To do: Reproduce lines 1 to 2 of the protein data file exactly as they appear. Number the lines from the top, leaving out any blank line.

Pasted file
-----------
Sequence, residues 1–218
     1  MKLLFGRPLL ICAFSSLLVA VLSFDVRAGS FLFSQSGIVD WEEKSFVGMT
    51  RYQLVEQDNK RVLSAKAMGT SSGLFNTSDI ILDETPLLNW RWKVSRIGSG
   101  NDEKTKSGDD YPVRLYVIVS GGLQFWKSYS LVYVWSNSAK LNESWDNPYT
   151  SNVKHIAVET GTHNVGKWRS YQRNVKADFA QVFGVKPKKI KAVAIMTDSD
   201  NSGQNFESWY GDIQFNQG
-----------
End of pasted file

Sequence, residues 1–218
     1  MKLLFGRPLL ICAFSSLLVA VLSFDVRAGS FLFSQSGIVD WEEKSFVGMT